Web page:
Known as ‘The Mad Scientists,’ Singer and Cole have founded their own specialist story-factory, ‘Useful Fiction,’ which liaises with NATO allies, taking the technological insights of their military scientists, then embedding those insights within easily-consumed micro-narratives. The way people use new technologies can be unpredictable, and the authors claim their tales allow for cheaply-produced anticipation of such “unknown unknowns,” as Donald Rumsfeld once put it.
The duo’s prose does not possess the literary merit of H.G. Wells, being functional at best. The anthology’s most publicized piece, Silent Skies, is written as a simple broadsheet newspaper report from 2040, detailing a mass weaponized drone attack on a future British Prime Minister during a public speech, resulting in over 300 deaths. Alarmingly, London’s drone-defense mechanisms failed to differentiate between terror-drones and those simply delivering parcels, so the writers’ message to the MoD is simple: make sure your upcoming drone-defense systems can make this distinction!
According to Singer and Cole, sci-fi stories are an actual form of “technology”, whose function is “conveying insight through narrative” rather than via dry technical reports. A non-qualified British Cabinet might understand a story about their PM being attacked by misidentified drones better than a more technical explanation of the matter. As the authors say, “Characters [in stories] become guides through whose eyes and other senses we literally experience key concepts.”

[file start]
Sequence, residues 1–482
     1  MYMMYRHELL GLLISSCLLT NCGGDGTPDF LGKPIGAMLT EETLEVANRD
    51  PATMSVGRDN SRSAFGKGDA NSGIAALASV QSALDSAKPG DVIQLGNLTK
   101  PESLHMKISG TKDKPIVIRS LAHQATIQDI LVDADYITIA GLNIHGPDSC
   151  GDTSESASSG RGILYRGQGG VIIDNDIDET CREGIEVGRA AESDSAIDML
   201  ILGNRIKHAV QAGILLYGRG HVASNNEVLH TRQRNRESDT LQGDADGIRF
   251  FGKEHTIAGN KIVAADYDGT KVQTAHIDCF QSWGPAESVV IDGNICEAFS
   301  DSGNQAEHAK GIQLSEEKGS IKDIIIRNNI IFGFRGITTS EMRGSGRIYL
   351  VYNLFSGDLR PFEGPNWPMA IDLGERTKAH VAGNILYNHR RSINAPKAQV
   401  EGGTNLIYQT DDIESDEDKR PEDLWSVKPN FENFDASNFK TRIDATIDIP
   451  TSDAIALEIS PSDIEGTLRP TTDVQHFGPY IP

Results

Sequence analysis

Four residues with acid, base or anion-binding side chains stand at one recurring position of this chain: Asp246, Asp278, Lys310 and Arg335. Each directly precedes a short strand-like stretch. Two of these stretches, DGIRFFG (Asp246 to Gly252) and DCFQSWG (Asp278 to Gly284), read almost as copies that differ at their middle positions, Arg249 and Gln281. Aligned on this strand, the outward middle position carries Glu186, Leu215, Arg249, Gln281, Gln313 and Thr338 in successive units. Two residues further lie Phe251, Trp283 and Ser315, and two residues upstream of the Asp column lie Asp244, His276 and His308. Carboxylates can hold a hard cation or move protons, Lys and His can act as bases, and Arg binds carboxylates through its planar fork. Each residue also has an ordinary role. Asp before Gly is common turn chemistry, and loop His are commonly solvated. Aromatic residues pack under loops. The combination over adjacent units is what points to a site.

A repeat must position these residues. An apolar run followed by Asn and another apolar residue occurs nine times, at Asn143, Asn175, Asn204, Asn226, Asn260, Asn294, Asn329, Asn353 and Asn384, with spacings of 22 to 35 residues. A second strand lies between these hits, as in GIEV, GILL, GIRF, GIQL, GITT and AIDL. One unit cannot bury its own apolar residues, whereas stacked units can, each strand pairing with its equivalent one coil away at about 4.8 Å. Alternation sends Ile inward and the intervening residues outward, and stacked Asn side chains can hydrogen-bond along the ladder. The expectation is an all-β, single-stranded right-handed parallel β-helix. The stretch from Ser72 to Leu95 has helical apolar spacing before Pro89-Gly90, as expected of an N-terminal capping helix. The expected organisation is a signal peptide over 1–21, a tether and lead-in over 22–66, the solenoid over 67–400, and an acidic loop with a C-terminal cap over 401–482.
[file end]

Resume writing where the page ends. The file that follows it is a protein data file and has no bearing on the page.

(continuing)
The trouble is, the West’s enemies, most notably China, can easily make just as good use of sci-fi stories as inexpensive forms of futurology too.
On the Chinese Internet, numerous fan-fiction websites provide domestic military sci-fi fans with an outlet for publishing a wave of patriotic literary serials with comically ultra-nationalist titles like Resist Japan and Expel the Japanese Pirates, or 2066: Red Star Over America.
There are thousands of such trashily jingoistic pulp-fictions available online where the People’s Liberation Army (PLA) of tomorrow takes on regional rivals and Western devils alike, often using imaginary super-weapons even more unlikely than H.G. Wells’ ones of old – levitating tanks, for example, which can cross trenches even more effortlessly than ones with legs.
Despite their popularity, printed copies of such yarns are strictly unobtainable; the Chinese Communist Party (CCP) won’t allow it. Fearing unnecessary diplomatic tension with rivals abroad, in all officially available commercial sci-fi the PLA are allowed to fight only aliens, terrorists or fictional nations.